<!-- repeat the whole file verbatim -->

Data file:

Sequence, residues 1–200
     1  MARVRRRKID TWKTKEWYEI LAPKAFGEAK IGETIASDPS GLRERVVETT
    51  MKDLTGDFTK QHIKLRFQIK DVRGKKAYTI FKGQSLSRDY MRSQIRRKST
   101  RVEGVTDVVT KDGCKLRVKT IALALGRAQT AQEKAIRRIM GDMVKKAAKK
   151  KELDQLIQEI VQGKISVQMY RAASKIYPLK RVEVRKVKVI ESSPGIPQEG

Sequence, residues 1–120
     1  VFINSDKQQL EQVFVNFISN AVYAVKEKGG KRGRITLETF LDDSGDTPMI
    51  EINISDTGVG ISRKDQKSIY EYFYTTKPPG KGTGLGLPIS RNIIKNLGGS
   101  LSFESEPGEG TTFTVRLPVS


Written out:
Sequence, residues 1–200
     1  MARVRRRKID TWKTKEWYEI LAPKAFGEAK IGETIASDPS GLRERVVETT
    51  MKDLTGDFTK QHIKLRFQIK DVRGKKAYTI FKGQSLSRDY MRSQIRRKST
   101  RVEGVTDVVT KDGCKLRVKT IALALGRAQT AQEKAIRRIM GDMVKKAAKK
   151  KELDQLIQEI VQGKISVQMY RAASKIYPLK RVEVRKVKVI ESSPGIPQEG

Sequence, residues 1–120
     1  VFINSDKQQL EQVFVNFISN AVYAVKEKGG KRGRITLETF LDDSGDTPMI
    51  EINISDTGVG ISRKDQKSIY EYFYTTKPPG KGTGLGLPIS RNIIKNLGGS
   101  LSFESEPGEG TTFTVRLPVS